It’s some­thing that’s brought home in the open­ing min­utes of the doc­u­men­tary when He­len meets her new goshawk, which she names Lupin, for the first time. Twice the size of Ma­bel, she peers from her cage look­ing ‘half­dragon, half-leop­ard’ and it soon emerges she’s a very dif­fer­ent char­ac­ter from her pre­de­ces­sor. ‘Ma­bel was very chilled, while Lupin was more self-pos­sessed,’ says He­len. ‘She had a look that would say, “Yes, I’ll do what you ask – but on my terms.”’

He­len em­barked on the process of build­ing Lupin’s trust. In the doc­u­men­tary we watch as, wear­ing her fal­coner’s

glove and with Lupin teth­ered to it, she merely sits and waits for her to re­trieve food from the arm­rest of the chair. Then, us­ing food as bait, He­len grad­u­ally length­ens the tether, build­ing up to a point where Lupin will fly off the glove then swoop to take food from her hand. It’s a painstak­ing process that lasts nearly a month. ‘It takes longer with goshawks than with other birds of prey as they’re nat­u­rally so sus­pi­cious,’ He­len ex­plains.

This is all working to­wards the ul­ti­mate goal: to set this wild bird free only for it to choose to come back. ‘That mo­ment is ev­ery­thing,’ He­len says. ‘You put them on the perch and try not to look be­hind you be­cause she might al­ready not be there, then you turn and call and you hear the flap­ping of wings, and when it comes to you it’s like part of your heart is re­turn­ing. It’s in­cred­i­bly emo­tional.’

The mo­ment is a tear-jerker for the viewer too. It’s also lit­tle won­der that through­out film­ing He­len felt the pres­ence of her father. ‘I’m not into spooks and spir­its but I did feel he was sort of around, hov­er­ing. There was some­thing about the film­ing it­self too that felt very linked to him – his whole life was cam­eras, so the pres­ence of cam­eras was very re­as­sur­ing.’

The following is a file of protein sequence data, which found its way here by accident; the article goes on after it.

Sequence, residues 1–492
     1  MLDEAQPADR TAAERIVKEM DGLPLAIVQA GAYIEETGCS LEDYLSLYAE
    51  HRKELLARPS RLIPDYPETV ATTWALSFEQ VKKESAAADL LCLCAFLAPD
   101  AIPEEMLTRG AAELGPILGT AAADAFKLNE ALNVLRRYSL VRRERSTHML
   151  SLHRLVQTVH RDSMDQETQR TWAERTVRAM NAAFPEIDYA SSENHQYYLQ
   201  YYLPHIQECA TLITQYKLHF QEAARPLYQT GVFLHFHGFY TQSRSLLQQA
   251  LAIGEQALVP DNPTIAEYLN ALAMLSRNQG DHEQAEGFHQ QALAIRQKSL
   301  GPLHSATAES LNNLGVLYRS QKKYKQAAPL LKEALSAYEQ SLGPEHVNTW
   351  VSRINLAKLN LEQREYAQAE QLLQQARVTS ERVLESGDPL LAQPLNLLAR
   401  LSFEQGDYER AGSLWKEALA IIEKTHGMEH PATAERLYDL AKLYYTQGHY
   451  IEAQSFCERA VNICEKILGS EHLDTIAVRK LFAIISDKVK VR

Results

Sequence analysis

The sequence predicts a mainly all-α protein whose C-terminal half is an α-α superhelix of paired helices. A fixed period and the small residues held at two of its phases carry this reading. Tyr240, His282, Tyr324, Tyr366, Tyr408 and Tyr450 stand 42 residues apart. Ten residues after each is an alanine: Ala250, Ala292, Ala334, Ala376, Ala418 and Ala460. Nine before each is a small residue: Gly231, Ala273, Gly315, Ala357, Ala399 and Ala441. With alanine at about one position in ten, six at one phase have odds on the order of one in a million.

Sadly, He­len felt she could not keep Lupin for good. ‘You need to fly them ev­ery day and make their life as close to a wild hawk’s as pos­si­ble,’ she says. ‘I knew the way my life is now I couldn’t live with her for­ever, so I waved her goodbye. She’s with an­other fal­coner now. It’s a bit like a sum­mer ro­mance.’

Yet while He­len may no longer be shar­ing her life with a goshawk, she still re­tains an avian pres­ence in her life – in the form of a par­rot. ‘My friends say that’s much more emo­tion­ally healthy than a hawk, al­though of course I don’t agree,’ she laughs. Lit­tle won­der: for He­len, goshawks are ‘among the most beau­ti­ful things the world has ever made. They’ll al­ways be part of who I am, and I’m re­ally glad about that.’ H Is For Hawk: A New Chap­ter will be shown later this month on BBC2.

Above: He­len puts Lupin through her paces on the show